Indra Arriaga, Sin título / Untitled.
Acrílico, óleo y madera / Acrylic, oil, and wood.
Immigrant: Know Your Rights CIVIL RIGHTS, DACA, DETENTIONS, DEPORTATIONS, AND CHANGES TO IMMIGRATION LAW BY: SOL DE MEDIANOCHE
After learning the outcome of the General Election, some members of the Latino community contacted us, fearful of the positions on immigration laws and regulations that President Donald Trump espoused during his campaign. Because uncertainty is best combated by information, Sol de Medianoche and the TV show Latinos in Alaska held an immigrant rights roundtable on November 16. The panelists were Robin Bronen from the Alaska Institute for Justice, Nicolás Olano from Nations Law Group, and Tara Rich from the American Civil Liberties Union (ACLU). The discussion was moderated by Daniel Esparza.
The roundtable addressed the following questions, among others: What should one do if arrested by Department of Homeland Security’s officers? What rights do detainees have? What happens in a deportation? Who is at immediate risk after the inauguration of President Trump on January 20? How fast can laws change? Following are the panelists’ answers:
Tara Rich:It is very important to understand that regardless of your citizenship status and regardless of how you came to this country, you do have rights, and you have constitutional rights.
For example, when you are interacting with Department of Homeland Security’s personnel or with police you do have the right to remain silent, you have the right to refuse to give information if you are asked about your citizenship status, or whether you came to this country without the proper papers. You do have the right to remain silent, and not to answer those questions.
If you are detained in a car, you can give the police officer your license and registration, but you can refuse to have your person or your belongings searched, including your car. Even if the police have evidence of a crime committed in the car, they cannot search on it without your consent.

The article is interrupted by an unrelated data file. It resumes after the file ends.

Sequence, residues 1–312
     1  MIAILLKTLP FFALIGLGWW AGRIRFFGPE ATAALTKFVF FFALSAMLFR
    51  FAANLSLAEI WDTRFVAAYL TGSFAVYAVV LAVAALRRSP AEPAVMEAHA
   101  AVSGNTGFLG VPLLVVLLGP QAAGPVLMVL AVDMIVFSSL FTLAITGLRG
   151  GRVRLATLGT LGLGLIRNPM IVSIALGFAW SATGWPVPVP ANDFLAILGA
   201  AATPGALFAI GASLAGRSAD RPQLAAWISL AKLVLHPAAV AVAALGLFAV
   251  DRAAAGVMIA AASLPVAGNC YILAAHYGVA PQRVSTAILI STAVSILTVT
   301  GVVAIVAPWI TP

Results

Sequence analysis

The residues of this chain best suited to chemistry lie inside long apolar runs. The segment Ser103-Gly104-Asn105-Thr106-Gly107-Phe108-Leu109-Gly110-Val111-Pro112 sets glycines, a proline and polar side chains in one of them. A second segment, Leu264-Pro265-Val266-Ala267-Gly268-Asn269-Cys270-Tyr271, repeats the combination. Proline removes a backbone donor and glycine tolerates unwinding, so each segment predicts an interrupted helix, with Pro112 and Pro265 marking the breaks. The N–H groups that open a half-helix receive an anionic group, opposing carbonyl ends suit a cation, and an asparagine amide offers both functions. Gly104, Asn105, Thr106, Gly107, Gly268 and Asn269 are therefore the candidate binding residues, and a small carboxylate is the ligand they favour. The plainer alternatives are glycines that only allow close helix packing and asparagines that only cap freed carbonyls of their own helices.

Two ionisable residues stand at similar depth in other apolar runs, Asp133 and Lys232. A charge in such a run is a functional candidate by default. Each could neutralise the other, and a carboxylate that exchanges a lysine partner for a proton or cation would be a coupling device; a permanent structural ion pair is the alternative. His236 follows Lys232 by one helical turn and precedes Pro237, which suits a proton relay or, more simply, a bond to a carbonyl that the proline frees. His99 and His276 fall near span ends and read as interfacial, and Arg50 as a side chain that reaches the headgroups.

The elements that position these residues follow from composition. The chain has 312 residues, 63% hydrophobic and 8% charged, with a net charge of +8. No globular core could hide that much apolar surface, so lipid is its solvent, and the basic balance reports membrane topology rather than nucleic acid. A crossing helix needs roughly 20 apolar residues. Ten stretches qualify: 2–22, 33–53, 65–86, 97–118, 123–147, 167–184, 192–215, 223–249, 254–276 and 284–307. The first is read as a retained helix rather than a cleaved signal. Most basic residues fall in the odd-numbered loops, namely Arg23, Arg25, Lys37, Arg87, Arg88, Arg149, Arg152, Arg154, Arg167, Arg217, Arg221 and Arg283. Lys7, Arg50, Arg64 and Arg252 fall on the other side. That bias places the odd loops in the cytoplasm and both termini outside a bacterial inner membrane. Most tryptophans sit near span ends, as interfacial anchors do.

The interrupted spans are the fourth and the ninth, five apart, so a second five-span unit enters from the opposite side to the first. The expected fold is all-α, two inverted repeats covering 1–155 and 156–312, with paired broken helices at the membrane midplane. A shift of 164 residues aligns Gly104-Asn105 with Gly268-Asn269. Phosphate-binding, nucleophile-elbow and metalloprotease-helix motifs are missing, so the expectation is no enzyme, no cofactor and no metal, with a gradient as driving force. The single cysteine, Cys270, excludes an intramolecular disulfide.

You also have the right to not have your home searched. If Department of Homeland Security’s personnel or the police come to your house, before opening the door, you should ask them for a warrant. You can ask them to pass the warrant underneath the door or hold it up to a window, so you can read it and inspect it. A warrant will say what are- as can be searched, and what the police can look for. You should read that very carefully, and make sure that when they are there, they look just for what they are allowed to look for.
One of our constitutional rights is the freedom of expression, and recording police interaction on your phone is pro- tected. If you are worried about the vio- lation of your rights or if you are worried about the way this police interaction will be driven, you have the right to use your phone or any other kind of recording de- vice. If you think that your rights have been violated, contact the ACLU.
Nicolás Olano:Department of Homeland Security’s officers can arrive at people’s homes early in the morning, appear without a warrant, and wake everyone up. But that should not happen. It is very important that you do not open the door, because when that door opens, they may argue that they came in for their safety, saying that they saw drugs or alcohol. That is when they begin to ask everybody for identifications, and pick up everyone. That is why it is important to document what happens with a phone or any other recording device. In case the officer breaks the law and does not do what he has to do during the detention, that recording can help the person when his case is taken to court
Robin Bronen:It is very important not to answer questions. You can even refuse to give your name and say where you come from. They can use anything you respond to as evidence that you are in the United States without documents. That is why it is so important not to give answers.
You have to understand that the police or Department of Homeland Security’s officers will be angry when you refuse to answer their questions. And they may try to threaten or intimidate you, even involving your family. The important thing is to not hesitate: you have the right to answer those questions later when you have a lawyer.
Daniel Esparza:As a community we can create a card that says “I will not speak and I want a lawyer.” If you are detained by Department of Home- land Security’s officers or by the police, it is possible to give them this card.
DETENTIONS AND DEPORTATIONS
Olano: Alaska is a very sui generis [unique] place, where we do not have a detention center. This is bad because once a person is detained there is very short time for the family to contact an immigration lawyer before the detainee is sent to another state. You do not have to wait to contact a lawyer until the detainee is in jail. From the moment he is handcuffed the lawyer should start working to post a bond in an immigration court.